March 3, 2005
Once again, a Supreme Court Justice named by a republican president has imposed a philosophy that could have come from any justice named by a democrat president.
In writing for the narrow 5-4 majority outlawing the death penalty for anyone under 18, Justice Anthony Kennedy (who holds the seat Robert Bork should have) sites "evolving standards" and "world opinion" as justifications for his vote -- not the constitution, or laws enacted by elected representatives in several states, but evolving social standards and world opinion.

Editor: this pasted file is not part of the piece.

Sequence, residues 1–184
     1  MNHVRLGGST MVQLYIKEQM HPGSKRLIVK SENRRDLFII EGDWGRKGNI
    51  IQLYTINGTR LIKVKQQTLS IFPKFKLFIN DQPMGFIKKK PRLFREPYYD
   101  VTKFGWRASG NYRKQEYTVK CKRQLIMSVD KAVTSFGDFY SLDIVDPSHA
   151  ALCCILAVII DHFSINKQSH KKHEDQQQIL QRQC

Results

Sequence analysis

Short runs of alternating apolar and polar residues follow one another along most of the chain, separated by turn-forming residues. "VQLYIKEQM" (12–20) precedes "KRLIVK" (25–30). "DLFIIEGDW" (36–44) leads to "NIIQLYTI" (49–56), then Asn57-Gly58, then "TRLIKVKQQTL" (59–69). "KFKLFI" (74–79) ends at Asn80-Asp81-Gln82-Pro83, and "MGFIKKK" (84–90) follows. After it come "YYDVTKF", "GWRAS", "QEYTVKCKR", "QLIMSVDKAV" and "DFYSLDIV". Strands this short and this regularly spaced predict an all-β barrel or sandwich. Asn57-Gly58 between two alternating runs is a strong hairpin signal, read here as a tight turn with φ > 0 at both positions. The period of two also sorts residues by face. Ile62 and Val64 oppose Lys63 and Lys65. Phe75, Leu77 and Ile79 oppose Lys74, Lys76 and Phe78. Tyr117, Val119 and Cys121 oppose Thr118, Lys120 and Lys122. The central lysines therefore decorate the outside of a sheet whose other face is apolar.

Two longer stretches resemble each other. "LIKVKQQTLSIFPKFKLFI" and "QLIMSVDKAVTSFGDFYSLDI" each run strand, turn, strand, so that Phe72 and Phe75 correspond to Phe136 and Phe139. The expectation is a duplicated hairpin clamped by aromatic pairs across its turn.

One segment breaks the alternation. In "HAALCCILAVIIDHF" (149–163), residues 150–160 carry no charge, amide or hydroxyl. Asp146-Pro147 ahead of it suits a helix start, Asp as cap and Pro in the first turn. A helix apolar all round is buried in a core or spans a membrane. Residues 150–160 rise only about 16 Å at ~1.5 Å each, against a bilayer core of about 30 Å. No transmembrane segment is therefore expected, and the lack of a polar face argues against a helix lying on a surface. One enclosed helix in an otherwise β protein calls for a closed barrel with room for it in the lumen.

This issue was decided the other way only six years ago.
So much for precedent.
The inconsistency of this ruling is revealed in the majority's acceptance of an American Psychological Association claim that 18-year-olds are incapable of making appropriate moral judgments.
This is the same group that told the court in the past that teenage girls are mature enough to decide whether to have an abortion without parental knowledge.
This ruling, among others, makes the battle for the Supreme Court even more important.
I'm Cal Thomas in Washington.
Cal Thomas is a nationally syndicated columnist based in Washington, D.C. Watch his television show, After Hours with Cal Thomas, on the Fox News Channel, Saturdays at 11 p.m. Eastern Time.